New programming and plans for the reservoir 1

A number of projects are on the way for the Ridgewood Reservoir, including invasive species removal, building restoration and new educational programming.

Fresh on the heels of being added to the National Register of Historic Places earlier this year, the Ridgewood Reservoir will soon see some more positive attention headed its way, courtesy of NYC H2O.

The organization, which has been championing the protection and preservation of the reservoir for the last three years, is working on two projects centered around the site according to its founder, Matt Malina.

“There are two projects we’re working on” Malina told the Chronicle. “We’re working to remove invasive species which are harmful to the ecology because they take over.”

Ridding the reservoir of invasive plant species and planting new and replacement foliage, he added, is key in maintaining the stability of both the native breeds that live there and the site’s fragile ecosystem.

The Ridgewood Reservoir, which the city first broke ground on in 1856, features three basins and was used as a primary water supply for the city for more than 100 years.

It was decommissioned and drained in 1989, eventually returning to its previous state as a popular forest habitat for birds, numerous other animals and various endangered tree and plant species — one of the three basins is filled with water, as well.

The idyllic reservoir, which sits within Highland Park along the border of Queens and Brooklyn, has been a popular place for school field trips led by NYC H20.

Since the group started conducting free tours of the site in 2014, more than 4,000 students and 500 residents of the communities on either side of the reservoir have taken advantage of the programming.

These tours, Malina said, are all free and are a part of the organization’s goal to increase access and education about the area — which is home to over 100 species of birds, including several that classified either as threatened species or of special concern in the state.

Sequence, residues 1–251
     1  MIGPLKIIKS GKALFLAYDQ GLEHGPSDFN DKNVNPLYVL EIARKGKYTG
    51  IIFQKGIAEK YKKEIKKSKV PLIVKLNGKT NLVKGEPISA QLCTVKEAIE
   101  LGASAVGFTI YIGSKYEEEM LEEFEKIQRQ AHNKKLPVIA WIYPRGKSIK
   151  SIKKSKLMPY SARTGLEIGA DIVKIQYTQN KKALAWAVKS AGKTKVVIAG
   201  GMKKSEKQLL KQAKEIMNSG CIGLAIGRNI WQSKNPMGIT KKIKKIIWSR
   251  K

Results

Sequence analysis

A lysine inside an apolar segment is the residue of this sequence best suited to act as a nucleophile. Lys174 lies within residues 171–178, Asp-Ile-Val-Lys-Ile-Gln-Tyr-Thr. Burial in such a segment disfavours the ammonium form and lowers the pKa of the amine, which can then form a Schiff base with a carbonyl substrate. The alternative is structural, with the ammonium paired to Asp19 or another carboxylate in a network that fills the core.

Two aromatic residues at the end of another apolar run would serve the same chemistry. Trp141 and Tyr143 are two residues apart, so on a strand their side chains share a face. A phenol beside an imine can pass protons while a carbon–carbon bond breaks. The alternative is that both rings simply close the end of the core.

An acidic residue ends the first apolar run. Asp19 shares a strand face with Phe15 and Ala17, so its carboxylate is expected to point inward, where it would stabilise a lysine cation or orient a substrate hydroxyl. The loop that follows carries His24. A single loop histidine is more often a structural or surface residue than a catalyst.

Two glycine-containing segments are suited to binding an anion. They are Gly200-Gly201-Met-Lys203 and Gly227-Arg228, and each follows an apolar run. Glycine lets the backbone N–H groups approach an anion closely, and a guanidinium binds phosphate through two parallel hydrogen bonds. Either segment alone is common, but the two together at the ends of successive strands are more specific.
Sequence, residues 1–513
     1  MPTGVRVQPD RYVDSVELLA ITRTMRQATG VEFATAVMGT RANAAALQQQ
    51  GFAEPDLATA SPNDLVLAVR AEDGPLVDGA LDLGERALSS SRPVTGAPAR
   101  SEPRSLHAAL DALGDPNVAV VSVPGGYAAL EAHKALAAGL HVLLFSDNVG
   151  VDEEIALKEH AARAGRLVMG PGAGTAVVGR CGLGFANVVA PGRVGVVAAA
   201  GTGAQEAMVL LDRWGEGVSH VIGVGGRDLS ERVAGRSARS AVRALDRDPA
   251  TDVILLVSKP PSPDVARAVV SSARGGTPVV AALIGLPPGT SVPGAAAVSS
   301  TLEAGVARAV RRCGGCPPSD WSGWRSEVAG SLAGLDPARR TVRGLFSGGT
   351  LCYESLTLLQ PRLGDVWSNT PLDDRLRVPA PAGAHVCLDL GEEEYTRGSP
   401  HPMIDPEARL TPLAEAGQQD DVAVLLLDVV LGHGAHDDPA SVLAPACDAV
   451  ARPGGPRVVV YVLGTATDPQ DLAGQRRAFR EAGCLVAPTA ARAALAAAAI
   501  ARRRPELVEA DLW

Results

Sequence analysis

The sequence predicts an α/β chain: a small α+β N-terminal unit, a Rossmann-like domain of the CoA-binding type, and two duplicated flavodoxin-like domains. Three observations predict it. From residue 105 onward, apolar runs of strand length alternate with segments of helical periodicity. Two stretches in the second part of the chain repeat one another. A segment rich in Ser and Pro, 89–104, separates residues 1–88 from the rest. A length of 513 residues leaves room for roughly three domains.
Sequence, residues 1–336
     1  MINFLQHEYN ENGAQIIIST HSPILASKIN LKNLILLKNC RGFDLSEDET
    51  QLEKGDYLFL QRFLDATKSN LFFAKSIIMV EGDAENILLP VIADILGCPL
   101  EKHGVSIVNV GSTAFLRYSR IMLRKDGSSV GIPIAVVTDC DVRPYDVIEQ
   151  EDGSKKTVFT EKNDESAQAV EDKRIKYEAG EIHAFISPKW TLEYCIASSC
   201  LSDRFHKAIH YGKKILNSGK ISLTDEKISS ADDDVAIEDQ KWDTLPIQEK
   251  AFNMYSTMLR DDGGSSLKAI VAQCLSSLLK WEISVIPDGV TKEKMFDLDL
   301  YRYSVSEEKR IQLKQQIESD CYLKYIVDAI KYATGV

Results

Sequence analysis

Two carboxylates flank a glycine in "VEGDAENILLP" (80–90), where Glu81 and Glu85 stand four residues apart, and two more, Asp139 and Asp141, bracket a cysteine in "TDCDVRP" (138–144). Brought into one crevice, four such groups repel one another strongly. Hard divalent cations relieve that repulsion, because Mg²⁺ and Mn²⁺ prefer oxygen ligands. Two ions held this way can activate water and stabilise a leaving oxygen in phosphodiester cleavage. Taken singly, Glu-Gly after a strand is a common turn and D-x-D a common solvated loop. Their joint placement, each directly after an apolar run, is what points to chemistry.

The project is being done in conjunction with the Parks Department and is in the middle of being designed, which is expected to be completed by December.

According to a Parks spokesperson, work is expected to cost between $1 and $3 million, with funding coming from the Mayor’s Office.

The second project NYC H20 is working on is a partnership with the American Museum of Natural History to conduct research at the reservoir.

“By studying the reservoir, you’re getting a truer sense of the invertebrates and pond life that live there. It’s one of the few places of pure water with no chlorine or phospates,” Malina said, “so it’s important to study the reservoir because that water is more natural.”

The hope of the research project is to better understand the factors which influence the growth of cyanobacteria — pond algae — a field that is not that well understood according to Malina.

“A lot of plants grow bacteria and make the pond not accessible to people because it contains cyanide chemicals,” he said. “By studying different ponds, especially the ones that do get cyanobacteria, it’s a way to find out what some ponds are doing to prevent that kind of growth.”

Additionally, the Parks Department is working on a project to reconstruct the Ridgewood Reservoir Gate House 27 and Pump House 3 in Highland Park.

The two shuttered buildings were decommissioned when the reservoir was no longer needed as a water supply, and some park activists have called for the historic structures to be restored, at least aesthetically.

That project, according to the Parks Department, will be in the design phase for another eight months.

The Mayor’s Office is providing the funding, which is expected to cost between $5 and 10 million.

In the meantime, however, NYC H2O is still looking to get the reservoir designated as a wetland, the final layer of protection park advocates want.

Such a designation would prevent any future development at the site, something Malina said would be worth celebrating.

“We’re waiting on Basil Seggos, the Commissioner of the Department of Environmental Conservation, to proclaim it a wetland,” he said. “It’s not done until he signs it.”

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